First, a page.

November 8, 2016
Politics is of its very nature is biased in favor of intervention and planning. Even in its “minarchist” or “night-watchman” version, politics is based at root on the idea that some decisions must be made coercively and imposed on unwilling minorities – or even majorities, as the case may be. This is contrary to the principle we observe in private life every day: the consent of both parties is necessary for a transaction to take place.
The state never stays “limited” in the long or even medium run, as we’ve seen for ourselves, and before long it worms its way throughout civil society. Once it becomes entrenched in some area of social life that had previously been managed by voluntary means, people grow accustomed to the state’s new role, even coming to view it as indispensable. The spirit of spontaneous, voluntary cooperation, therefore, atrophies and dies. This, in turn, is cited as justification for still further state interference, and the cycle continues.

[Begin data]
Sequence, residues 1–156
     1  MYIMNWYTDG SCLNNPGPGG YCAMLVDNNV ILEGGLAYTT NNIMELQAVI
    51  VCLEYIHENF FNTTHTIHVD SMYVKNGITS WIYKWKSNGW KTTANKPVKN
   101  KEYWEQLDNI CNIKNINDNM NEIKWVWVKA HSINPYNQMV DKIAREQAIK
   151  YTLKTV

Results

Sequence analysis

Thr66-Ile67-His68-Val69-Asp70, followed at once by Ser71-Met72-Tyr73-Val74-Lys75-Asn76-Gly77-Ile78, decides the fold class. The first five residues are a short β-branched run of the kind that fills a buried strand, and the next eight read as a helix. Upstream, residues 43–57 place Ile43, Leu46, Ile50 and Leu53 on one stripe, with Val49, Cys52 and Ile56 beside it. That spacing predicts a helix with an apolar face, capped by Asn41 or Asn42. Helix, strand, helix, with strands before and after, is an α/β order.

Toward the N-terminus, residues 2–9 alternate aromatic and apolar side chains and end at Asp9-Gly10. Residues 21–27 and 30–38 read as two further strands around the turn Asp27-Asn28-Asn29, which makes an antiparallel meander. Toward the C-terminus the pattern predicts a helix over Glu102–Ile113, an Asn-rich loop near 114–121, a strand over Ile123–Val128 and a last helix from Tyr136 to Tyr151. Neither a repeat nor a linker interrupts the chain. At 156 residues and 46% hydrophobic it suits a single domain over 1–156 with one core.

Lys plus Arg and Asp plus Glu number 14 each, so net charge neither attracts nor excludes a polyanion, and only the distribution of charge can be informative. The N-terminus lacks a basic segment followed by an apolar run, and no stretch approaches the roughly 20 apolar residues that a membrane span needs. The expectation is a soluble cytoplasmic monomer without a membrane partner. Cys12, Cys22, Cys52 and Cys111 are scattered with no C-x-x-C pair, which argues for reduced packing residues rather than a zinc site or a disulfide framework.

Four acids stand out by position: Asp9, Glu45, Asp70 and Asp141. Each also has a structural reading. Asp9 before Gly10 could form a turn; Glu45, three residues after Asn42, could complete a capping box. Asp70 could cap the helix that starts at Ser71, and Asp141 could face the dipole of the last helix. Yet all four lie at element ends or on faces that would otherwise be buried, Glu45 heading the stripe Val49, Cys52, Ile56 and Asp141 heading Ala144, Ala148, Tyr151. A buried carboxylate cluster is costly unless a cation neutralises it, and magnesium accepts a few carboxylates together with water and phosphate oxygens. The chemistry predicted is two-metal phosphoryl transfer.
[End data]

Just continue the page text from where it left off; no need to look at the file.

In the modern state, politics is coupled with government education in a one-two punch to the voluntary sector. That is, the moral principles and the unstated assumptions that govern politics have already been drilled into the heads of the young well before they become eligible to vote. By that time they have imbibed every comic-book platitude about the selfless public servants who are just out to improve everyone’s well-being. Were it not for the indoctrination of the public from a very young age, the state’s racket would be far more obvious and transparent.